So rubber languished, being used mainly for stationery, until 1844 when vulcanisation was invented. This chemical process removed rubber’s natural deficiencies, and all of a sudden vulcanised rubber became useful. More than useful; it became essential. Machines needed it in seals, joints, belts; homes had it in hoses, gloves, shoes. And as it became essential for the industrial world, the industrial world became desperate to find more and more of it.
Sometimes they went to terrible lengths for the latex. Rubber has many sources; in the Congo rainforest, there is actually a vine that pours rubber latex when cut, and the Belgians who ruled Congo would do anything to get it. Africans were forced to drench themselves in rubber latex, which was then scraped off their skin with knives; people who refused to do this would often have their hands chopped off as punishment. This is the setting for Conrad’s Heart of Darkness.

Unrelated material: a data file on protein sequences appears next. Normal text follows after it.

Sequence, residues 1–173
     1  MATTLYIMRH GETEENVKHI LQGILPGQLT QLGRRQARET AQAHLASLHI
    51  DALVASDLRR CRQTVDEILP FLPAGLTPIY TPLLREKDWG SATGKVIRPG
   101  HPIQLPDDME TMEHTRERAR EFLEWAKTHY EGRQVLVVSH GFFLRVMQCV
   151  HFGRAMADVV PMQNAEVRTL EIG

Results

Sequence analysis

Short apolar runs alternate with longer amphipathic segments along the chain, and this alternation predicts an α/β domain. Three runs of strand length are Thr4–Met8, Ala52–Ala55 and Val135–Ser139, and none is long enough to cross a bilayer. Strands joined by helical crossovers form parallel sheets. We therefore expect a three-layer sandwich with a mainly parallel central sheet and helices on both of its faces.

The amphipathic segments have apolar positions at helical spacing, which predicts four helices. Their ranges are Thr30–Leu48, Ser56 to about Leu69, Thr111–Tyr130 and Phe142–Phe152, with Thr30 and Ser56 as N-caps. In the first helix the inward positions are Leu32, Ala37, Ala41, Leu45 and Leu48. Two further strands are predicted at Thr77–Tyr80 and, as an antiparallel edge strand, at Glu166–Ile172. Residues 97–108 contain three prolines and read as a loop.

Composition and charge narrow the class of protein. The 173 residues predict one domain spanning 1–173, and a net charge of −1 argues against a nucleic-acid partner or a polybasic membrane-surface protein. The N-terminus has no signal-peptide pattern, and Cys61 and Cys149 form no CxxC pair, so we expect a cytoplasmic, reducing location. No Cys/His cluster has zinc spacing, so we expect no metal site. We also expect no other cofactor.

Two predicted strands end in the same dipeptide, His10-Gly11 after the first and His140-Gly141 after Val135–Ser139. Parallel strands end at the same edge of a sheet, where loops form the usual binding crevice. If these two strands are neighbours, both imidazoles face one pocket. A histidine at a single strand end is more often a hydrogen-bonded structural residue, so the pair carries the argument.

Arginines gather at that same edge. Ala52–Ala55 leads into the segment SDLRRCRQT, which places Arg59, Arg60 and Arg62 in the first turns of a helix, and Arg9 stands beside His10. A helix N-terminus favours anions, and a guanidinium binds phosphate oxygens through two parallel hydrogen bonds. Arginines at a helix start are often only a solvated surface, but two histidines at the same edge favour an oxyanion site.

Thankfully there was a less horrible way of getting latex. The Hevea brasiliensis, or rubber tree, leaks rubber gently when cut, so you can hold it in a cup; unlike the rubber vine, it also can be cultivated, so you can have plantations instead of heading into the rainforest to look for it. But for the British, who ruled Singapore and Malaya by that time, there was just one little problem. As the scientific name of the rubber tree implies, it comes from Brazil. And it only grows there.
Making White Gold